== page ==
The International Chamber of Commerce launched the latest revision of its internationally-recognized trade terms Incoterms 2010.
The revised rules, which will come into effect on Jan. 1, 2011, take into account developments in global trade since they were last revised in 2000. These include changes in cargo security, which has been at the forefront of the transportation agenda for many countries since the attacks of September 11, 2001, and the increased use of electronic communications in business transactions.
The ICC said the revisions have been made to ensure that the wording of the Incoterms rules clearly and accurately reflects present-day trade practices.
By The Numbers: U.S. Foreign Trade.
The number of rules has been reduced from 13 to 11 and two new rules have been created: Delivered at Terminal (DAT) and Delivered at Place (DAP). The latest version also features guidance notes at the beginning of each of the rules to help steer the user to the correct Incoterms rule.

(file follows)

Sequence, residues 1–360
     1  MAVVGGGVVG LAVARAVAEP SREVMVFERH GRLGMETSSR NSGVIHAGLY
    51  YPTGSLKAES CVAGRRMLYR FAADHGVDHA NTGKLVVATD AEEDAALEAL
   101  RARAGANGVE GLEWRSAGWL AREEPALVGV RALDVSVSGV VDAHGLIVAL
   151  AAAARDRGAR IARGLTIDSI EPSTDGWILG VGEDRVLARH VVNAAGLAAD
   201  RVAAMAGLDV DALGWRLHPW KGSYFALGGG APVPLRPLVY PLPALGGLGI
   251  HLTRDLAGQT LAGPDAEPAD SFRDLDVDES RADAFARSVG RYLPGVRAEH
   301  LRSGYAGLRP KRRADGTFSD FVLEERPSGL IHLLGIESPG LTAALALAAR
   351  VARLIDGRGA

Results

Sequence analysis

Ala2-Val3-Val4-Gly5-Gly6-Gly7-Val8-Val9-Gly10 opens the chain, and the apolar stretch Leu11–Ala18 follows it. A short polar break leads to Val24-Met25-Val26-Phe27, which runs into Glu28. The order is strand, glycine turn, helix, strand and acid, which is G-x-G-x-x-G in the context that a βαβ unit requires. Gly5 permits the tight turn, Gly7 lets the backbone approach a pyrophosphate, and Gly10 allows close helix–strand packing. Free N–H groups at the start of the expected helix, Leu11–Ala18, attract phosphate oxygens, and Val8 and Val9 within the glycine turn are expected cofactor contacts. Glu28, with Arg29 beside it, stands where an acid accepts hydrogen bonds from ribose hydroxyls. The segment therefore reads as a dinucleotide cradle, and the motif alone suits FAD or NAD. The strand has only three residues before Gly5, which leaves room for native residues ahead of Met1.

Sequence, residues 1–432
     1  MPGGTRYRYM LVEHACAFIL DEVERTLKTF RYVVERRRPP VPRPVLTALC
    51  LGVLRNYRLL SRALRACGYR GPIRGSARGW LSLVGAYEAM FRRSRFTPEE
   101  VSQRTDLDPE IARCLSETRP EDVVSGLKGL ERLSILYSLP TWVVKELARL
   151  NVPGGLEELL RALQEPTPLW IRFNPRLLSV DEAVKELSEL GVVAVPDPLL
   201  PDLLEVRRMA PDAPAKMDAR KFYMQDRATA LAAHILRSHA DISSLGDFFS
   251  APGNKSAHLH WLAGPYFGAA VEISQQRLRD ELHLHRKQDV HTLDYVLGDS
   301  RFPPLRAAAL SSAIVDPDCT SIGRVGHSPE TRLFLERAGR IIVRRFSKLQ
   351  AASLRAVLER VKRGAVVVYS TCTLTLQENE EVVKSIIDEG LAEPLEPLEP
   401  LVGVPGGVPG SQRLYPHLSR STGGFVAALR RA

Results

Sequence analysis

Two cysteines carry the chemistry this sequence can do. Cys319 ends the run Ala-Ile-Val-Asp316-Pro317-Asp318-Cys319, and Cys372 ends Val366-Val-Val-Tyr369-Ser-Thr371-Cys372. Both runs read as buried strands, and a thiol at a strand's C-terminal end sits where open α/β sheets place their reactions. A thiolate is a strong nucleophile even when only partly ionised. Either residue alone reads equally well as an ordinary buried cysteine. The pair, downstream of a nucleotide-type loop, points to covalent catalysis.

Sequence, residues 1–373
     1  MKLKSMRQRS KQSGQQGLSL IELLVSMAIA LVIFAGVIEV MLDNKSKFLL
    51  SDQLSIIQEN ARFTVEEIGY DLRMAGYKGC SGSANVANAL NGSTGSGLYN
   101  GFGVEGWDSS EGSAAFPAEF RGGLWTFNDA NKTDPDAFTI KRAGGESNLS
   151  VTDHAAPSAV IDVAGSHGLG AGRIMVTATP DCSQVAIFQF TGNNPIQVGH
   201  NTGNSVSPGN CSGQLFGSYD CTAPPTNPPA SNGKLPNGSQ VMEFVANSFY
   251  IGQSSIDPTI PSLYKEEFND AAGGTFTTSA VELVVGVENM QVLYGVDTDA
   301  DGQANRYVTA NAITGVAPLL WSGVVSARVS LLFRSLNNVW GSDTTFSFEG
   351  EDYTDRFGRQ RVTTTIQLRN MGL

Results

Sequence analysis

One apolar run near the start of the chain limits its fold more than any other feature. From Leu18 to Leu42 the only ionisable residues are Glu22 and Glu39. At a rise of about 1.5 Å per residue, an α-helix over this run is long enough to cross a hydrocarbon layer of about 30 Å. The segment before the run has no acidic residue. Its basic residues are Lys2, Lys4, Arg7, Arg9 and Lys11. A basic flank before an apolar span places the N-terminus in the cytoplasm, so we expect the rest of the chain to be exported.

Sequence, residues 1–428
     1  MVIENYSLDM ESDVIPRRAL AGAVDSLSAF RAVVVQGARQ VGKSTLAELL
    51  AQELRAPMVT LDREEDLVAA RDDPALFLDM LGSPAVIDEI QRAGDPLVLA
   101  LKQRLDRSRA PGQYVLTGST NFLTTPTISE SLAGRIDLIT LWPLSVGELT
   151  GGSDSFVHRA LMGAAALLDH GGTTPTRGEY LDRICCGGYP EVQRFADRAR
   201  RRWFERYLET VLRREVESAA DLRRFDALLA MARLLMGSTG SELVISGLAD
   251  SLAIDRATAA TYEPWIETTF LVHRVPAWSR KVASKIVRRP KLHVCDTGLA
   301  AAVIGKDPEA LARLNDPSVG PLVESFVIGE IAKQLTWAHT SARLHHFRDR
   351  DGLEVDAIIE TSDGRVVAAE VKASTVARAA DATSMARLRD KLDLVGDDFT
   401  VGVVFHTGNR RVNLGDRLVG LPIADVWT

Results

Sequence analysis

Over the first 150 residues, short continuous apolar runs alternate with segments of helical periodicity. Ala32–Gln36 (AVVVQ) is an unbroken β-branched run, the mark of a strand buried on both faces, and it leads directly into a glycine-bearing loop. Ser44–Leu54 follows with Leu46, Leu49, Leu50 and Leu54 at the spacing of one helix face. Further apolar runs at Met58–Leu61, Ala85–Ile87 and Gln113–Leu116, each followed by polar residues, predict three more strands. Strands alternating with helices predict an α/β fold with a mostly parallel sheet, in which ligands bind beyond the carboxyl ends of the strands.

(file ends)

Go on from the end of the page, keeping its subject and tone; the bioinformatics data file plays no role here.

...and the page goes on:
Short for “international commercial terms”, the Incoterms rules were first created by ICC in 1936 to help traders avoid misunderstandings by clarifying the costs, risks, and responsibilities of both buyers and sellers in the delivery of goods.
Representing a radically new concept in an industry regulated by local rules of law, the rules caused a sensation in the international business world when ICC first introduced them. They were a first real attempt to bring legal certainty to business transactions while simplifying the drafting of international contracts.
“Before ICC developed the Incoterms rules, the different terms were often subject to varying interpretations in different countries, often giving rise to disputes and litigation,” said ICC Chairman Rajat Gupta. “Today the Incoterms rules for the usage of terms such as Ex Works (EXW), Free on Board (FOB), Cost and Freight (CFR) and Cost, Insurance and Freight (CIF) are part of the recognized canon defining the responsibilities of buyers and sellers in transactions for the sale of goods worldwide.”
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